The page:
What Is Cushing's Syndrome?

Cushing’s syndrome—a relatively uncommon disorder named for the twentieth-century American surgeon who identified it—is caused by elevated blood levels of cortisol (an essential corticosteroid hormone). Cortisol is produced by the cortex of the adrenal glands, grape-size organs located above each kidney that form part of the body’s endocrine system. Cortisol secretion is stimulated by the release of adrenocorticotropic hormone, or ACTH, from the pituitary gland.

Cushing’s syndrome is due to overproduction of cortisol by the adrenals or administration of excessive amounts of cortisone in the treatment of a number of diseases. The disorder is known as Cushing’s disease when symptoms are due to increased production of ACTH by a tumor in the pituitary gland. Common complications are hypertension, diabetes mellitus, osteoporosis, and muscle weakness. Both Cushing’s syndrome and Cushing’s disease respond well to treatment.

What Causes Cushing's Syndrome?

  • Large or long-term doses of oral corticosteroid medications—prescribed to treat disorders such as rheumatoid arthritis, inflammatory bowel disease, or asthma—are now the most common cause of Cushing’s syndrome.
  • An adrenal tumor or overgrowth (hyperplasia) of adrenal cortex cells may cause Cushing’s syndrome.
  • A pituitary tumor that secretes excess ACTH overstimulates cortisol production by the adrenal glands and causes Cushing’s disease.
  • Occasionally, tumors elsewhere in the body, such as in the lungs, may produce excess ACTH (ectopic ACTH-producing tumor).

Symptoms of Cushing's Syndrome

  • A round or “moon-shaped” face
  • Fat accumulation on the torso and between the shoulder blades
  • Thin legs and arms
  • Fatigue and muscle weakness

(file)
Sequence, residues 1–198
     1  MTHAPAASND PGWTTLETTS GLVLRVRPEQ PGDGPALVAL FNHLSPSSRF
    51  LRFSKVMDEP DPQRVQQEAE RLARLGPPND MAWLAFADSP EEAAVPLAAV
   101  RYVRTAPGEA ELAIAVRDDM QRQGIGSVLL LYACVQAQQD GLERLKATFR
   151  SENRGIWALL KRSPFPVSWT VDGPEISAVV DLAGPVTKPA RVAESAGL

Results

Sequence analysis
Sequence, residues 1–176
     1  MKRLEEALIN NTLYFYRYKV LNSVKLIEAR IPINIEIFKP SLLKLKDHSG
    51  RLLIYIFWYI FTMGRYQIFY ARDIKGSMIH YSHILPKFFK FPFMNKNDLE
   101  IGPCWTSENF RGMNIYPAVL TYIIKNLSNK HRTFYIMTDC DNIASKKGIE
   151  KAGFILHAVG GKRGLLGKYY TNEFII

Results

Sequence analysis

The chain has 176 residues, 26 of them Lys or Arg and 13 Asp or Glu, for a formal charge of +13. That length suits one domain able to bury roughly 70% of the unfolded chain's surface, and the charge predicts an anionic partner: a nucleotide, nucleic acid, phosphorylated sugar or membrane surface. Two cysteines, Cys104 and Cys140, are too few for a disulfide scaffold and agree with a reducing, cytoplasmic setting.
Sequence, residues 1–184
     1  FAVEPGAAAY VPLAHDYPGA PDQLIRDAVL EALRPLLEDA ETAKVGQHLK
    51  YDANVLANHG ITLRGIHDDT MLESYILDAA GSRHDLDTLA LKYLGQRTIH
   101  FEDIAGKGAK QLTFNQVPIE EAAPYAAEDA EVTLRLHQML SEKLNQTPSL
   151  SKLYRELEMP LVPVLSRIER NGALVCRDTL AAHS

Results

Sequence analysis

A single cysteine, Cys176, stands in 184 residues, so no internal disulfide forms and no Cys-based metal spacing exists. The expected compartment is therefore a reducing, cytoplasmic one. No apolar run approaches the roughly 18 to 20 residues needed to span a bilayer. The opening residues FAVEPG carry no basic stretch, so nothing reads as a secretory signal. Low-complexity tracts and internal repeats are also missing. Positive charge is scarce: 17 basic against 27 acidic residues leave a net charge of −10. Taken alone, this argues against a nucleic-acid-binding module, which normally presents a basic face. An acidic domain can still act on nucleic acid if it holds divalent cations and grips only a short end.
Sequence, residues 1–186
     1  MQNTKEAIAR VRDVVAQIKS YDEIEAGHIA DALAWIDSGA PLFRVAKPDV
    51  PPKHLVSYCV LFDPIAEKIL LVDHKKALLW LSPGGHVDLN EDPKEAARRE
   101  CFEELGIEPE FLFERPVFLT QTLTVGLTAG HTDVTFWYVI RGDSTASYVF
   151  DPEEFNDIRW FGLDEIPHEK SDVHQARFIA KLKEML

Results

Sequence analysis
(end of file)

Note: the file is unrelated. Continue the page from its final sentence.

• Skin changes, including easy bruising; acne; pink or purple stretch marks on the abdomen, thighs, and breasts; thin skin; a reddish appearance of the face
  • Insomnia
  • Changes in mental state, such as mood swings, depression, paranoia, irritability or euphoria
  • In men: impotence
  • In women: growth of hair (hirsutism); the cessation of menstruation (amenorrhea)
  • Back or hip pain from bone fractures due to osteoporosis
  • Cuts, scratches and insect bites that take longer than usual to heal
  • High blood pressure
  • High blood sugar levels

Prevention of Cushing's Syndrome

  • If you are taking corticosteroids on a long-term basis, ask your doctor about taking the lowest possible doses of these medications.

Diagnosis of Cushing's Syndrome

  • Blood and urine tests to measure levels of adrenal hormones
  • CT (computed tomography) scans or MRI (magnetic resonance imaging) of the abdomen or skull (to image the pituitary gland)
  • Salivary cortisol test to show cortisol diurnal rhythm

How to Treat Cushing's Syndrome

  • If Cushing’s syndrome is caused by long-term treatment with corticosteroid medications, your doctor may gradually reduce the dosage and switch you to another form of treatment, if possible. Never stop taking corticosteroids on your own, because serious side effects may occur; slow withdrawal should be planned and supervised by a doctor.
  • If excess cortisol is caused by an ACTH-producing pituitary tumor, treatment often involves removal of the tumor.
  • A pituitary or adrenal tumor can be surgically removed.
  • Radiation therapy, either alone or in conjunction with surgery, may be used to treat tumors.
  • Medications that inhibit the secretion of cortisol, such as ketoconazole, aminoglutethimide, metyrapone, or mitotane, may be prescribed when surgery is impossible or unsuccessful, or when the tumor is malignant.
  • Hormone replacement therapy (temporary or lifelong) may be necessary to supplement or replace adrenal and thyroid hormone following surgery or radiation treatment to the pituitary.

The Highlights Project is a collaboration between Novartis and Kevyn Aucoin Beauty that is designed to provide support to those living with the physical manifestations of acromegaly and Cushing's disease through the art of makeup. The initiative is designed to instill confidence, while raising awareness of these conditions. The program offers makeup tutorials, intimate makeup sessions with Kevyn Aucoin Pro Artists and tips to address common concerns expressed by patients living with these diseases.

When to Call a Doctor

  • Call a doctor if you develop excess fat on your face and torso, accompanied by any of the other symptoms of Cushing’s syndrome.

Source:

Johns Hopkins Symptoms and Remedies: The Complete Home Medical Reference

Simeon Margolis, M.D., Ph.D., Medical Editor

Prepared by the Editors of The Johns Hopkins Medical Letter: Health After 50

Updated by Remedy Health Media

Publication Review By: the Editorial Staff at Healthcommunities.com

Published: 30 Jan 2012

Last Modified: 19 Mar 2014